It’s difficult to explain why you wake up at 3:35 in the morning with no apparent cause. Just as you are about to lift the lid off the saucepan in your dreams, you wake up suddenly, as if sensing the weight of someone’s gaze on you, and find yourself wrapped up beneath a blanket. You want to go back there. You squeeze your eyelids shut and try to stay in touch with the last few moments of that dream, but it’s like tying off a bungee rope just at the moment when it snaps out of your grasp. You backtrack, as if retracing your steps, and try to return to the exact moment in your dream when you had begun lifting the lid off the saucepan. But it’s futile. The prospect of drifting off again, and leaving this reality behind, seems impossible to you now, lying motionless under your blanket. The wall between sleep and consciousness is too tall to climb by simply imagining a flock of migratory birds flying in a V formation or a beach where sunlight glimmers on the ocean waves.

You roll over onto your side and stare into the distance through half-closed eyes. A mild shudder runs through your body and across your blanket like a wave breaking over rocks at the edge of a lake. Through the crack in your bedroom door, you see a man perched on the end of the three-seater sofa in the living room. The figure looks too real in the light being cast from the kitchen to be an illusion or a dream. You always leave the kitchen light on overnight ‘so that burglars can see where they’re going when they break in,’ as your father used to say. In those days, he would leave a light on in the other room as well, whenever you all went out, and then he would tell you… Stop, now is not the time for a trip down memory lane. Right now you are lying in bed; your wife is lying beside you and is more vulnerable than you; she is more vulnerable than you because she is in a deeper state of sleep than you; she is in deeper state of sleep while you are in a higher state of agitation because you are awake and you are the one facing the stranger slouching on the end of the sofa.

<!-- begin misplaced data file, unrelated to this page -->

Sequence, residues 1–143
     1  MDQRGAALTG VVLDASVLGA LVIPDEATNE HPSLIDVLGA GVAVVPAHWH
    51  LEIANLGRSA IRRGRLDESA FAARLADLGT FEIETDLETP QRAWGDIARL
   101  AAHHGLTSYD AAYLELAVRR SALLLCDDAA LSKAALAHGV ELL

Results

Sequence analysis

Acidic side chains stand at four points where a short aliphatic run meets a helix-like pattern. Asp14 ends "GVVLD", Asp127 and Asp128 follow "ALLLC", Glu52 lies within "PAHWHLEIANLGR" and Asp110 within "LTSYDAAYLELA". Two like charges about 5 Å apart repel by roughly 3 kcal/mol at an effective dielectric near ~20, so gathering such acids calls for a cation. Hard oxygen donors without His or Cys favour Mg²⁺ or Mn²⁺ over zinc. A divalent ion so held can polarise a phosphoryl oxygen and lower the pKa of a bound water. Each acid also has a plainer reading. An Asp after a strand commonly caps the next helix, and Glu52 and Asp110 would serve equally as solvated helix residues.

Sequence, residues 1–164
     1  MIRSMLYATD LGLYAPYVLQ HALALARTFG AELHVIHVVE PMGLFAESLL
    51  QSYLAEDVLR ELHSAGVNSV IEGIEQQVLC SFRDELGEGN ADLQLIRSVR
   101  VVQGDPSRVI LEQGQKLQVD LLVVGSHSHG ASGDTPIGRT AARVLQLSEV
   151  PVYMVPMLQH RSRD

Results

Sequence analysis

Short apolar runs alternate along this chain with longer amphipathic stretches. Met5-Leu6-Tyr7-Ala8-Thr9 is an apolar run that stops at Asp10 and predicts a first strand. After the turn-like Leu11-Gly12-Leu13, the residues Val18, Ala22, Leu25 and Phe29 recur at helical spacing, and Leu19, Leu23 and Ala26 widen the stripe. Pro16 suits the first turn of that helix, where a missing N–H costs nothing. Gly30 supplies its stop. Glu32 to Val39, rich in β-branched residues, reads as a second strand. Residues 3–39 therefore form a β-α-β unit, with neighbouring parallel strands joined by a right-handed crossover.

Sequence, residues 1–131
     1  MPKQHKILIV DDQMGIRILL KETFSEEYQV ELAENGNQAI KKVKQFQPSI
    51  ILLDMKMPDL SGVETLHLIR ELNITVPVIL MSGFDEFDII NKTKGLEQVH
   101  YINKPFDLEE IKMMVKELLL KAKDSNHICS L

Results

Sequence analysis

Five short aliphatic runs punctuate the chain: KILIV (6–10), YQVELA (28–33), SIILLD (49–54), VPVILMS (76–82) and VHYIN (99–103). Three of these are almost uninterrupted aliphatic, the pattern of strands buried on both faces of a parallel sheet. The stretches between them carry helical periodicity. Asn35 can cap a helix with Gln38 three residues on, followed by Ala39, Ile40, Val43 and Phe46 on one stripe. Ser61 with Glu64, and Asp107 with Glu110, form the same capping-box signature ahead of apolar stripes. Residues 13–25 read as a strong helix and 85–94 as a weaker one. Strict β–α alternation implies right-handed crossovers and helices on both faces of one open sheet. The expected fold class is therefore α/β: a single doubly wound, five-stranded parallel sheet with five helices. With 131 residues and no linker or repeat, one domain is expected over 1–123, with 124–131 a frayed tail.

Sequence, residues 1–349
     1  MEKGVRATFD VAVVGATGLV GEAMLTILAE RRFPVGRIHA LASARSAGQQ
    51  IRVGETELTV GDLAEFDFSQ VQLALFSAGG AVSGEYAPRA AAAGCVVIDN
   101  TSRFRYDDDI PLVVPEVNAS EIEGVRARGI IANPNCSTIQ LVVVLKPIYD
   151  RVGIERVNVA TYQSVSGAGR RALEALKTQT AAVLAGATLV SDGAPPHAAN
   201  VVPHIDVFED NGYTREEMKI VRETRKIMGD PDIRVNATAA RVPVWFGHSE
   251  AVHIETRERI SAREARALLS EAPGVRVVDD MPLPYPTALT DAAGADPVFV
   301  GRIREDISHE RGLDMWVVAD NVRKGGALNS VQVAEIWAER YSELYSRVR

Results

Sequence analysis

The stranger is dressed in either a white or cream-coloured suit – it’s impossible to say for sure – and a tie. In other words, formal clothing. He looks at ease, leaning back on the sofa with one arm placed on the armrest and the other wrapped around the back, as if waiting for the world’s most stereotypical woman to emerge from the bedroom all made up and dressed in a party outfit, from where she’d glide down the stairs, accompanied by the distinct patter of her shoes, and climb into the car, gathering her skirt as she did so to stop it getting caught in the door.

Pomposity. How has such a word found its way into your head at 3:36 in the morning? Who knows. It is, however, the most accurate way of describing the man’s posture. With his legs crossed and that heavy air of pomposity, he looks like a boy thinking about whipping the servants on his father’s estate.

You close your eyes for a moment and count to three. When you open them slowly there is no sign of the stranger on the end of the sofa. You breathe a sigh of relief; the hallucinations seem to have left you in peace.”